Suitability of a Programme for Improving Interprofessional Primary Care Team Meetings

Jerôme Jean Jacques van Dongen*, Marloes Amantia van Bokhoven, Wilhelmus Nicolaas Marie Goossens, Ramon Daniels, Trudy van der Weijden, Anna Beurskens

*Corresponding author for this work

Research output: Contribution to journalArticleAcademicpeer-review


Primary care is increasingly being confronted with complex health care demands stemming from both biomedical and psychosocial problems of people with chronic diseases. Interprofessional collaboration is needed to enhance person-centredness and coordinate care provision in an efficient manner, which should eventually result in high-quality and integrated care. In primary care, collaboration often occurs through periodic interprofessional team (IPT) meetings. We have developed a multifaceted programme (including a reflection framework, training activities and a toolbox) to enhance team functioning in terms of improved person-centredness and efficiency of meetings. The aim of this study was to evaluate the perceived suitability and potential impact of this programme. Eventually, findings of this evaluation should contribute to understanding the suitability of the programme and optimizing its design.A prospective process evaluation was conducted, using a mixed-methods approach. Six primary care IPTs participated. Data collection included observations of team meetings, semi-structured interviews with team chairpersons, a focus group meeting, and a questionnaire for all team members. Qualitative data were analysed using directed content analysis and quantitative data using descriptive statistics.The results show that, on the whole, the programme was appreciated. Most progress was perceived regarding structure and organization. Chairs perceived increased awareness of person-centredness and team processes. They perceived the training activities as useful and instructive, and valued peer feedback and on-the-job coaching as the most effective strategies. Findings from the questionnaire showed a tendency in the desired direction for all variables.To conclude, the programme can be considered as a suitable approach for improving team functioning. However, enhancing person-centredness requires additional training/practice and on-the-job coaching. Lastly, the programme should be context-specific, flexible in use, and preferably delivered and mediated by an external facilitator at the workplace.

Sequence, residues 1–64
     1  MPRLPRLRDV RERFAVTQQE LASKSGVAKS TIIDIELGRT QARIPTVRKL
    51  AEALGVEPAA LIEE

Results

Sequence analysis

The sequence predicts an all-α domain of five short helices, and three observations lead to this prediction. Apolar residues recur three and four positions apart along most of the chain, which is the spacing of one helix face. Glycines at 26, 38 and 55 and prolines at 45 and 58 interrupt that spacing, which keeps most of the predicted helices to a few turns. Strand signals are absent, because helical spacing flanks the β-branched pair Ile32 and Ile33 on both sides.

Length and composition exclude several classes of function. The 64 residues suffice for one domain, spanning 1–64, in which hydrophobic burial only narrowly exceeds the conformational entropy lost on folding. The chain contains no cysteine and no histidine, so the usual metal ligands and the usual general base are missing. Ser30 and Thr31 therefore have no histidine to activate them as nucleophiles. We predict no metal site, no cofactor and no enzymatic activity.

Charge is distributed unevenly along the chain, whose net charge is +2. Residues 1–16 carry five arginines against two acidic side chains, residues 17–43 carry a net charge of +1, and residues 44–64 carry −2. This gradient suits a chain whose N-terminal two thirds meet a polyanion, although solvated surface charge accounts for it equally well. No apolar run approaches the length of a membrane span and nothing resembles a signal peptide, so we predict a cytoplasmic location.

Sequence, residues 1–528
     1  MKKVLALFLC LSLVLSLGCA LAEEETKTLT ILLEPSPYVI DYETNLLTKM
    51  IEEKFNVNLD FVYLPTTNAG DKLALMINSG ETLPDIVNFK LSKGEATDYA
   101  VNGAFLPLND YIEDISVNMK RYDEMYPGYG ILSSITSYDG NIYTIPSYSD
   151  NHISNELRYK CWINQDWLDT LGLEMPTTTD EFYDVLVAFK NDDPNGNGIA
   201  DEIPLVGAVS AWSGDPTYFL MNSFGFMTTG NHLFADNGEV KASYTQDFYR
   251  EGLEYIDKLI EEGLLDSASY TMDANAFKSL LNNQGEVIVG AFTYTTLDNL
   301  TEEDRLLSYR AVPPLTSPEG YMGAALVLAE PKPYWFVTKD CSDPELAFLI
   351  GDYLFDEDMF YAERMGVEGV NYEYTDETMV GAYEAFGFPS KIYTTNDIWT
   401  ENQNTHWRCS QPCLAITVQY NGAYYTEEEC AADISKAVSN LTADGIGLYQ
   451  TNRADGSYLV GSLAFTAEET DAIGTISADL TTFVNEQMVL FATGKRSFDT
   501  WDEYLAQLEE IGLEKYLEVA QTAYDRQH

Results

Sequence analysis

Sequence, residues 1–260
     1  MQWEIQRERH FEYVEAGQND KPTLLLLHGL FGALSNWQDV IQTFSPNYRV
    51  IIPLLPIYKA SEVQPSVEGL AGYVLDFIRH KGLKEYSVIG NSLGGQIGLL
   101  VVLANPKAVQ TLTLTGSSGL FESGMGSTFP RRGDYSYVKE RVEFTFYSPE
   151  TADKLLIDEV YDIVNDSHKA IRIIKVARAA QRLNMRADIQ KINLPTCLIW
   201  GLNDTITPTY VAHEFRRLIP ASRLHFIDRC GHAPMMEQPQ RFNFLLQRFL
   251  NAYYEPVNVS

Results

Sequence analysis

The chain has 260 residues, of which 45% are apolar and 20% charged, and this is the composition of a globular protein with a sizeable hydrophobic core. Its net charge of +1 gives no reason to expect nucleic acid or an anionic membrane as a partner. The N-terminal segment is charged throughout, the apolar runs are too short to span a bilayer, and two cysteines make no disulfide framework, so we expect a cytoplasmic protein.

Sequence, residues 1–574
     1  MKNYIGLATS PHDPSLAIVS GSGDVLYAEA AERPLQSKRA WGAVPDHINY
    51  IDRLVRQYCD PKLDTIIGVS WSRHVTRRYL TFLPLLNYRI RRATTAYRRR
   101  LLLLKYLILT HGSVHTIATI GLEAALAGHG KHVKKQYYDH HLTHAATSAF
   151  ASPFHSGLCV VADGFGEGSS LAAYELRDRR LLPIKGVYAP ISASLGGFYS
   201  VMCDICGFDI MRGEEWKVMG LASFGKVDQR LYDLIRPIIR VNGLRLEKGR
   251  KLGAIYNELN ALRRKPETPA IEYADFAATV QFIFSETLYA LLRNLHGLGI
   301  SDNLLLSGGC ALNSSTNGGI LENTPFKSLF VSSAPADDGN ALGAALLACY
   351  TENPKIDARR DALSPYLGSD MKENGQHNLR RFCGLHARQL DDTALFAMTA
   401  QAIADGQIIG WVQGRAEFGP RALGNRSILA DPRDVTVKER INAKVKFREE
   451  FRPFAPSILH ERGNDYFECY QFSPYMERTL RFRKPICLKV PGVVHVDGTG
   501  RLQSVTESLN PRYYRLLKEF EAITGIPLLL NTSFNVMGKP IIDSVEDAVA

Original languageEnglish
Article number12
Pages (from-to)1–14
JournalInternational Journal of Integrated Care
Issue number4
Publication statusPublished - 2018

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